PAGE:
Spotting rare birds
I've never been good at seeing rare animals, or even regular animals. Other friends go out and they say they saw some unusual bird or shy little creature. Not me! I mean, I see normal things squirrels and birds. But honestly I think I've seen more deer dead by the side of the road than I've ever seen in life.
I think it's a bit like seeing celebrities. Some friends of mine always seem to be in the right place to see famous people and I just don't. Perhaps I'm oblivious to them, my inability to see the red-speckled-whatever being the same as my inability to spot the Emmy winner in the coffee shop.
My few celebrity sightings are tragically mundane. I saw Ben Stiller one time, walking down the street in Manhattan. I saw Eric Boghossian in the audience at a play. And I stood behind Colin Farrell for about 20 minutes in the so-called express security lane at Heathrow (I was frantically texting friends OMG IT’S COLIN FARRELL!!!, but I didn’t take pics or bother him).
My lack of brushes with fame could reflect on my failure to attend the trendy restaurants and parties, and it's possibly because celebrities don't necessarily look the way they do on film when they're just heading to the supermarket.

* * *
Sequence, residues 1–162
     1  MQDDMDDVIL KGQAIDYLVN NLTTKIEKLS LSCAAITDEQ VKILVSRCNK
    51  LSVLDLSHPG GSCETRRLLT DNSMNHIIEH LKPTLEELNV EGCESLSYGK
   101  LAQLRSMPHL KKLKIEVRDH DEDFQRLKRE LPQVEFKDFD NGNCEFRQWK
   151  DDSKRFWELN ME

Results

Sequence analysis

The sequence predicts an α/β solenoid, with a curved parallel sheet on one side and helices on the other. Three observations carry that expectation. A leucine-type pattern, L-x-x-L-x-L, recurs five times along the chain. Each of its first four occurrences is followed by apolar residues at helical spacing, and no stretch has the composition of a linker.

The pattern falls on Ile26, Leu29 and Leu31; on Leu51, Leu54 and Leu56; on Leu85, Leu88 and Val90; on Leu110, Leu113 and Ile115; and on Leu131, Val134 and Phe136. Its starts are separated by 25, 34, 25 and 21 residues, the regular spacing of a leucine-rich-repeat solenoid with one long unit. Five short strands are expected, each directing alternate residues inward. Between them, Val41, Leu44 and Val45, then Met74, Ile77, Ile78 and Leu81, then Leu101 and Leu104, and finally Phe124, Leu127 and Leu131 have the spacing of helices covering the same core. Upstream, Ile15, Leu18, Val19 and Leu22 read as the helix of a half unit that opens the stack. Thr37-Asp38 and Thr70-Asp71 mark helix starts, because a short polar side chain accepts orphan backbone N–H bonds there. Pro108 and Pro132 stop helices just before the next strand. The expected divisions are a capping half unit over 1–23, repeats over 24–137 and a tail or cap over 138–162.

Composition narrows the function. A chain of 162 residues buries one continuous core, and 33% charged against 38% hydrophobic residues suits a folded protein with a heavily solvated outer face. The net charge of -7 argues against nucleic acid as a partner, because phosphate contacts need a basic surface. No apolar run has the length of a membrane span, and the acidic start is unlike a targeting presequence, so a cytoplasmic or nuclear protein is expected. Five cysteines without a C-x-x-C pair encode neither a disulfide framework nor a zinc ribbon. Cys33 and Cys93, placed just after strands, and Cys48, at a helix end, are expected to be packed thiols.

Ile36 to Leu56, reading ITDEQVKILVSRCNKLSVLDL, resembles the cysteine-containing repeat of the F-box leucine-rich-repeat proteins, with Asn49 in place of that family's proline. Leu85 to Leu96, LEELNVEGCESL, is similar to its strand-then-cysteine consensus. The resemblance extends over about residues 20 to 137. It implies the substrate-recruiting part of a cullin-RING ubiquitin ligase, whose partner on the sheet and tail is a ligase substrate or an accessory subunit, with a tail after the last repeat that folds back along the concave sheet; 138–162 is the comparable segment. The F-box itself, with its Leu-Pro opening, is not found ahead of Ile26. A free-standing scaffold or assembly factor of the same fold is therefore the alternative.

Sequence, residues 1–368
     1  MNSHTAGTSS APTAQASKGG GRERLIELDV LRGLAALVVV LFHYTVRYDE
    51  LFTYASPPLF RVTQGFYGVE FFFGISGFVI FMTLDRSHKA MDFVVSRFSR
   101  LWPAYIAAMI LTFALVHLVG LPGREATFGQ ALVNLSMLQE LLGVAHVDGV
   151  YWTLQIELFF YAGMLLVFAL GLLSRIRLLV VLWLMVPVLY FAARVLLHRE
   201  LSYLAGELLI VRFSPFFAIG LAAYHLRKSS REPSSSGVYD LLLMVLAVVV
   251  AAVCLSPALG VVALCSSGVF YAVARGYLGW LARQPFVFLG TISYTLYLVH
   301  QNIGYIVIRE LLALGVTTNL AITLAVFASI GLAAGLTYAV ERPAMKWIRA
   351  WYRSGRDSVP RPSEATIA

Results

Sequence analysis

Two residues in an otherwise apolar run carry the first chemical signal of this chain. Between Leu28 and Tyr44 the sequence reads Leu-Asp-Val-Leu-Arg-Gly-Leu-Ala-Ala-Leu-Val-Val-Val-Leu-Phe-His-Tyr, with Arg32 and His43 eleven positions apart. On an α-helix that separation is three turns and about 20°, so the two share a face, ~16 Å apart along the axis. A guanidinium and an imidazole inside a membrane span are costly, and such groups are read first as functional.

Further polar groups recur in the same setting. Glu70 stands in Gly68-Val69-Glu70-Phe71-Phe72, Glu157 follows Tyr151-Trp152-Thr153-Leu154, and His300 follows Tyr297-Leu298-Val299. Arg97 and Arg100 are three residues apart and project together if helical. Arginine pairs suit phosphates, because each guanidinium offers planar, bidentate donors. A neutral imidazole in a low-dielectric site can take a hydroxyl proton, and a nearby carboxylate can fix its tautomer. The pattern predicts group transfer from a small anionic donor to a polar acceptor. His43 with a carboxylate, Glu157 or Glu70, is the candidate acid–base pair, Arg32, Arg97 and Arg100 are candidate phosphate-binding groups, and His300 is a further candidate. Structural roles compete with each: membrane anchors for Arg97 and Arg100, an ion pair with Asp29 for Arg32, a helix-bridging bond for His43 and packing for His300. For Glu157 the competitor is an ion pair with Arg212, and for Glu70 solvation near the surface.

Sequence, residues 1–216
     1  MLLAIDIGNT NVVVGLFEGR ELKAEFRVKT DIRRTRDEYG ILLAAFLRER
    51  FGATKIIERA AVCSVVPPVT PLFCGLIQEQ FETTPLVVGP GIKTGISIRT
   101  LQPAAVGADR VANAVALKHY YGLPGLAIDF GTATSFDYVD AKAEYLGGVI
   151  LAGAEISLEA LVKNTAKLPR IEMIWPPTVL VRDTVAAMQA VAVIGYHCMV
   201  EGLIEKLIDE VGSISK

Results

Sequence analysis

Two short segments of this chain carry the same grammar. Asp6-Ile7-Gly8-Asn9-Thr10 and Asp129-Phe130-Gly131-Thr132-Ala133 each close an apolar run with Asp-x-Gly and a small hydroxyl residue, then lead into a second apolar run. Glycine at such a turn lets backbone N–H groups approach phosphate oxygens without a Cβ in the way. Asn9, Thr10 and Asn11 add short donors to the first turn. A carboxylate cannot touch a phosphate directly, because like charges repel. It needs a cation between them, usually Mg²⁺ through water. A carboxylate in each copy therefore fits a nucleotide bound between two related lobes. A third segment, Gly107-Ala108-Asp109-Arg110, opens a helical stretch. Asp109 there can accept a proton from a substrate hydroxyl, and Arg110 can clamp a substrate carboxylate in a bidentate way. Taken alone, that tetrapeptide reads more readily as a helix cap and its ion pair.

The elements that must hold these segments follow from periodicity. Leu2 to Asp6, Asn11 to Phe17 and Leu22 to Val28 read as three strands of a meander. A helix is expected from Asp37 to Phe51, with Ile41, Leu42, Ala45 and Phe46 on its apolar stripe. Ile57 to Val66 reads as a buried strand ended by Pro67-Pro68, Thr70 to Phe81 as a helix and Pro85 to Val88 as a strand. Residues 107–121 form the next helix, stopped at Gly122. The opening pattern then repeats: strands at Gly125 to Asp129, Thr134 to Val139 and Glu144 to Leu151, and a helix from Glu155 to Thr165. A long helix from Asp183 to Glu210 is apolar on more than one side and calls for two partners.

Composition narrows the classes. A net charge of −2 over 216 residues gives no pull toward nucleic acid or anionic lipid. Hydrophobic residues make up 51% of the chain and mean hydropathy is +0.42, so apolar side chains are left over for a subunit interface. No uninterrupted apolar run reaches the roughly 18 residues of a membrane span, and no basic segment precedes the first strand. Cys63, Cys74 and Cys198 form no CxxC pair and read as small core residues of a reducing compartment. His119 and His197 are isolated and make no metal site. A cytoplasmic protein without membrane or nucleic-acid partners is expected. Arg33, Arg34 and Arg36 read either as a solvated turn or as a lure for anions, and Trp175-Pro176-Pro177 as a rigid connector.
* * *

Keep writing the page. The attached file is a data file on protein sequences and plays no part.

A few weeks ago I travelled to London, and while I was there went to see the wildlife photographer of the year exhibit the Natural History Museum. I’ve always loved this photography contest (I did enter once, years ago, with some pictures of monkeys in Indonesia). Entries come from all over the world, and they often take pictures of animals I've never heard of. The lengths they have to go to to get some of these pictures is incredible. There's often a short narrative from the photgrapher about how they were in waist-deep water for a week trying to catch a picture of some elusive amphibian, or bivouacing halfway up a mountain to see a snow leopard. Sometimes they set up a camera with a sensor, and leave it - coming back to see if the animal has essentially taken an unwitting selfie.
Photography has taught us a lot about animal behavior and how species adapt in different circumstances. One of this year’s finalist pictures was of cheetahs fording a river in a group: they were once believed to be largely solitary, but now there are known to be some who operate in gangs.
And for the photos of animals in less-serious poses, there is the comedy wildlife photo award, which I only discovered this year.
I think as we enter our second year of the pandemic, this pigeon is all of us: